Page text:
Empire: The Rise and Demise of the British World Order and the Lessons for Global Power Summary

Niall Ferguson


(Literary Masterpieces, Volume 20)

Perhaps the last significant words of praise for the British empire were spoken shortly before its last gasp: “Not merely [due] to sentiments which result from the racial origins of our two peoples, [I have come to] the realization of the importance for the whole of mankind to the existence of the British Empire.” The time was April 28, 1939; the place was the Reichstag in Berlin; and the speaker was Adolf Hitler. The last sentiment spoken by the ruler of a rival (and evil) empire, encapsulate the main theme of Empire, British scholar Niall Ferguson’s extraordinary homage on which a BBC documentary was based. Professor Ferguson tells the full story of Hitler’s treachery. In his final chapter, “Empire for Sale,” he traces Hitler’s manic hatred of the empire as expressed to his military henchmen in 1937 (The empire is “unsustainable . . . from the point of view of power politics”) through his perfidious brokering at Munich with the appeaser Neville Chamberlain in 1938 down to his conviction as late as January, 1942, that England must either “give up Europe and hold on to the East, or vice versa.”

Commenting on England and its empire’s darkest days, Ferguson can bring a light touch to even the most portentous. He observes that Neville Chamberlain—the son of Joseph Chamberlain, Britain’s first authentic imperialist politician—never shared his father’s passion, perhaps because as a young man he had been forced by his father to run a twenty-thousand-acre sisal estate in the Bahamas, which failed.

Not all modern-day historians will share Ferguson’s passion. If they choose to be cynical aboutEmpire, some may see its lavish illustrations and charts as being camera-ready and Ferguson’s stress points dictated by what makes for the best viewing. What cannot be denied is the industry of this young scholar to have read, literally, everything on his subject and to have rendered its encyclopedic detail accessible to that literate nonspecialist reader for whom he obviously intended it.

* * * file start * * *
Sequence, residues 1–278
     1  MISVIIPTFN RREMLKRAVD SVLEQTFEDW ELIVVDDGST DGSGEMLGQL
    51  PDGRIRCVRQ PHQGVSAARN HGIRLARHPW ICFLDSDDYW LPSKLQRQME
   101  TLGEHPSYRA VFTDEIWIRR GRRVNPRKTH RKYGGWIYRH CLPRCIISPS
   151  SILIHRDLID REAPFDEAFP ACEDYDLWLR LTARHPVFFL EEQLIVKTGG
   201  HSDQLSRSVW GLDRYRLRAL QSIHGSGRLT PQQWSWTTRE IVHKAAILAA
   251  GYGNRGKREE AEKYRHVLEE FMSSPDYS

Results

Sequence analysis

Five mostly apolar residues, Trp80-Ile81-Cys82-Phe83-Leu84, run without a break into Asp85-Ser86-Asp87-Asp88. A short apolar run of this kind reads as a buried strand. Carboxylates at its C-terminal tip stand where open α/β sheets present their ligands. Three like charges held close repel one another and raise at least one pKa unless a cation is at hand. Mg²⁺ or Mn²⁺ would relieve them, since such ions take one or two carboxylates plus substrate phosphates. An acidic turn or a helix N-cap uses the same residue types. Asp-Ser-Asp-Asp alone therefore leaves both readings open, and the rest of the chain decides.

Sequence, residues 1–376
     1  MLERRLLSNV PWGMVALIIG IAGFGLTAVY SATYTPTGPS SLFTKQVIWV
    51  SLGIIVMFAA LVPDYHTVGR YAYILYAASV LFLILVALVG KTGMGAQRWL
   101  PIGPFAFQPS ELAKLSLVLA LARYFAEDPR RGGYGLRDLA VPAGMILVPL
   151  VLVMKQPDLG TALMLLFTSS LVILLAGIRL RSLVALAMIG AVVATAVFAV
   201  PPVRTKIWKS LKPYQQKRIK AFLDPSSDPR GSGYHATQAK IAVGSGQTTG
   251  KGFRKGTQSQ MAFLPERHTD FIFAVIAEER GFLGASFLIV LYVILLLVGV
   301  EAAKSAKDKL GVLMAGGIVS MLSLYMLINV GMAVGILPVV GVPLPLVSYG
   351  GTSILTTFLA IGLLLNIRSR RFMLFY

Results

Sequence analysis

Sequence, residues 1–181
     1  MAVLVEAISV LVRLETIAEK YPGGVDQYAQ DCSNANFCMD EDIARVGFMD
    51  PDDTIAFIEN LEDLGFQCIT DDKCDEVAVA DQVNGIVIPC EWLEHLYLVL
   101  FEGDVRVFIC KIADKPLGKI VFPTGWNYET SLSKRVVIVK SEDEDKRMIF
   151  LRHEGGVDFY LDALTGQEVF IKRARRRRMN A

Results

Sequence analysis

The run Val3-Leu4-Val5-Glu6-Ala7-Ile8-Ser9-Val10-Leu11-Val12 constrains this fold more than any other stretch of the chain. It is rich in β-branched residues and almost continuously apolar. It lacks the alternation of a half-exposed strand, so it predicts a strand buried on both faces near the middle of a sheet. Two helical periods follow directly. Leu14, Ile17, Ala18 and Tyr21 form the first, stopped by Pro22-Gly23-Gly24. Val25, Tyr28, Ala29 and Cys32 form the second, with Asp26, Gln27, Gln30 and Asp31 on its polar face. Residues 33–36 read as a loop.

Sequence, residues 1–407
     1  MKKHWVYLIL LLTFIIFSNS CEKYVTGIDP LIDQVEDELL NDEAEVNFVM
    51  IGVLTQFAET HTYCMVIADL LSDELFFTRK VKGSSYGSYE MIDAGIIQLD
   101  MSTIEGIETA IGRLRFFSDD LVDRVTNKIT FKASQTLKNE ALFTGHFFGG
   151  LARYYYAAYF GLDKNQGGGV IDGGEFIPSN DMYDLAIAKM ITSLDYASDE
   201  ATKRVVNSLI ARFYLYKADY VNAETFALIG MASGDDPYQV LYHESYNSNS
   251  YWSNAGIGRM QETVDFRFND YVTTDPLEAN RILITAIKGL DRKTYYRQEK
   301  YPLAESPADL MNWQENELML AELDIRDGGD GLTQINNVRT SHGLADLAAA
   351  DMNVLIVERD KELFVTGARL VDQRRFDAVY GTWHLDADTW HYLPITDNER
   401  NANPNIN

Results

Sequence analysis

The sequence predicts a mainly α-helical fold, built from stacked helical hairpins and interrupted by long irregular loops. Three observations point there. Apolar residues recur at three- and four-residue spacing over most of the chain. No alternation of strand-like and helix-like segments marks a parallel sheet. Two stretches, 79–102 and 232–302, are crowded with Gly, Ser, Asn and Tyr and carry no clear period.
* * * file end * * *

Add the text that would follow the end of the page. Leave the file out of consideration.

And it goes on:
Why should Americans care about the history of the British empire? As Ferguson sees it, England’s colonial investment in North America—the one that broke away in 1776—is fast assuming a role worldwide more like Britain’s during its imperialist days. If the United States’ takeovers in Afghanistan and Iraq are to be viewed in Ferguson’s terms (as attempts to save those countries from the Taliban and Saddam Hussein, respectively, with a messianic zeal for which the builders of the British empire set the standard) has the time not come, Ferguson asks, for the United States to rethink its historic distaste for colonies and play an imperial role?

In “Conclusion: A New Imperialism,” Ferguson notes Prime Minister Tony Blair’s unreserved enthusiasm about what Britain can do for the rest of the world. Although Blair’s speech to his Labour cohorts came in the wake of the terrorist attacks in the United States on September 11, 2001, it was, for Ferguson, the first “global” words from a British prime minister since before the Suez crisis of 1954-1956. Blair called for “justice for the starving, the wretched, the dispossessed, the ignorant” and declared that the war to replace the Taliban regime in Afghanistan was part of “reordering” moves against the likes of Slobodan Miločević in Serbia and the “murderous gangsters” in Sierra Leone.

Empire can be seen as a stunning updating of Britain’s colonial record and a pitch to Americans to heed his comparisons of England’s old conquests to...

(The entire section is 1460 words.)